The new way of doing this does not involve blacklisting any modules. You only have to send two parameters to the kernel:
For Caribbean Islands GPUs
For Sea Islands GPUs
I personally like to add it as default, so I edit /etc/default/grub, and then I add the kernel parameters to GRUB_CMDLINE_LINUX_DEFAULT, like this:
# If you change this file, run 'update-grub' afterwards to update
# For full documentation of the options in this file, see:
# info -f grub -n 'Simple configuration'
GRUB_DISTRIBUTOR=`lsb_release -i -s 2> /dev/null || echo Debian`
GRUB_CMDLINE_LINUX_DEFAULT="radeon.cik_support=0 amdgpu.cik_support=1 radeon.si_support=0 amdgpu.si_support=1"
# Uncomment to enable BadRAM filtering, modify to suit your needs
# This works with Linux (no patch required) and with any kernel that obtains
# the memory map information from GRUB (GNU Mach, kernel of FreeBSD ...)
# Uncomment to disable graphical terminal (grub-pc only)
# The resolution used on graphical terminal
# note that you can use only modes which your graphic card supports via VBE
# you can see them in real GRUB with the command `vbeinfo'
# Uncomment if you don't want GRUB to pass "root=UUID=xxx" parameter to Linux
# Uncomment to disable generation of recovery mode menu entries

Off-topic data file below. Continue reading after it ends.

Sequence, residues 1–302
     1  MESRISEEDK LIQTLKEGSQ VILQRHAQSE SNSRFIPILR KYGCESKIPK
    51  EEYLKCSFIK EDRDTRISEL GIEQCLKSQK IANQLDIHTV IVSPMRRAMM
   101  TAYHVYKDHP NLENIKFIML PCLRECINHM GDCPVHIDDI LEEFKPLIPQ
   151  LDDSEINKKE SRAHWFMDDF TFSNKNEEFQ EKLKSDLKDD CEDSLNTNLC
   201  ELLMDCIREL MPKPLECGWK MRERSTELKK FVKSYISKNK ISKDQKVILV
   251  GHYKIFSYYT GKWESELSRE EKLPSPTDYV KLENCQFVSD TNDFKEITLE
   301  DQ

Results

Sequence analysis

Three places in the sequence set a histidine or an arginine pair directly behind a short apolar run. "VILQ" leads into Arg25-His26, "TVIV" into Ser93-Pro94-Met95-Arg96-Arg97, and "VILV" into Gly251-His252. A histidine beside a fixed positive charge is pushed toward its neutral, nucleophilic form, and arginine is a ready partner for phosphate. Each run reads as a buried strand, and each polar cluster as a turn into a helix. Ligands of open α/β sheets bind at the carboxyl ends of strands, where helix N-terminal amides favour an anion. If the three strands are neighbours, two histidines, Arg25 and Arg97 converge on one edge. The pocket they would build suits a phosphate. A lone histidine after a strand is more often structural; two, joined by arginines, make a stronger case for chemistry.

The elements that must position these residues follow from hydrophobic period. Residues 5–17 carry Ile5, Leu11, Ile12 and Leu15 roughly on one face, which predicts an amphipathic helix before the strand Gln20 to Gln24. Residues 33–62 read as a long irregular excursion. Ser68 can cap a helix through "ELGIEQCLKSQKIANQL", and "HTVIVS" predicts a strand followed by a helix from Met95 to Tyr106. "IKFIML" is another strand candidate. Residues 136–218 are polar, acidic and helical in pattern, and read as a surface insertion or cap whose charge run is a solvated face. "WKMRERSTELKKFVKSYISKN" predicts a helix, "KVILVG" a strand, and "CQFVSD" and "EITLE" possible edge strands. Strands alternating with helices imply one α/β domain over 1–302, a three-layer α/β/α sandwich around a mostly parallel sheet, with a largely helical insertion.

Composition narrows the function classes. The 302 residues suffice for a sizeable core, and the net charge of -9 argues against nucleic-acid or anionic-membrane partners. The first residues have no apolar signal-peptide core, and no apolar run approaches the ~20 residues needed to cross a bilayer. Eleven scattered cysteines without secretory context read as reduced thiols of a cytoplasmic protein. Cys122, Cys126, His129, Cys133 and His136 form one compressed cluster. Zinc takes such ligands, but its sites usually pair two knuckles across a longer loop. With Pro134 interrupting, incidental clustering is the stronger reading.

# Uncomment to get a beep at grub start
#GRUB_INIT_TUNE="480 440 1"
Remember to run update-grub and reboot the system so the changes take effect.
I can confirm this works for a 390x running Ubuntu since 17.10. Also tried 18.04, 18.10, 19.04, 19.10, 20.04 since I keep using it as they get released. (I believe you can also do the same on 17.04)
Alternatively, if you want to enable the new Dynamic Power Management and Display Code experimental support, you need to also add the following lines
For more information regarding DC code check this link:
From my personal experience with a 390x card, DC code was unstable and I had to disable it to get an stable kernel. I haven't retried to enable it in the last couple of months so I don't know if this bug in DC was fixed.